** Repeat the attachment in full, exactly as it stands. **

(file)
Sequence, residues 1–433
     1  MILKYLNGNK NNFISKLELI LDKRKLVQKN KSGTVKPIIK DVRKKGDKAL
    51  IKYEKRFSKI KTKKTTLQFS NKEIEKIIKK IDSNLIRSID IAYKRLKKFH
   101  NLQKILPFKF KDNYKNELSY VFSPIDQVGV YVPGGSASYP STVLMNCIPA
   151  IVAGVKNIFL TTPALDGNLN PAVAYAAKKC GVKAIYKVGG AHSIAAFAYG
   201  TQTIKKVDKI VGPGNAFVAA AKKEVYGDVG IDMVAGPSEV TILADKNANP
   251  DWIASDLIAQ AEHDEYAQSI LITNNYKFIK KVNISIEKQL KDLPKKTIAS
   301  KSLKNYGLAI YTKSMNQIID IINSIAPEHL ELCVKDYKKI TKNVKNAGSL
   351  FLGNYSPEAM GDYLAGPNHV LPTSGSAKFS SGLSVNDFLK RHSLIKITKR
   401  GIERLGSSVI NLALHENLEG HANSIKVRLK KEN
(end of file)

Sequence, residues 1–433
     1  MILKYLNGNK NNFISKLELI LDKRKLVQKN KSGTVKPIIK DVRKKGDKAL
    51  IKYEKRFSKI KTKKTTLQFS NKEIEKIIKK IDSNLIRSID IAYKRLKKFH
   101  NLQKILPFKF KDNYKNELSY VFSPIDQVGV YVPGGSASYP STVLMNCIPA
   151  IVAGVKNIFL TTPALDGNLN PAVAYAAKKC GVKAIYKVGG AHSIAAFAYG
   201  TQTIKKVDKI VGPGNAFVAA AKKEVYGDVG IDMVAGPSEV TILADKNANP
   251  DWIASDLIAQ AEHDEYAQSI LITNNYKFIK KVNISIEKQL KDLPKKTIAS
   301  KSLKNYGLAI YTKSMNQIID IINSIAPEHL ELCVKDYKKI TKNVKNAGSL
   351  FLGNYSPEAM GDYLAGPNHV LPTSGSAKFS SGLSVNDFLK RHSLIKITKR
   401  GIERLGSSVI NLALHENLEG HANSIKVRLK KEN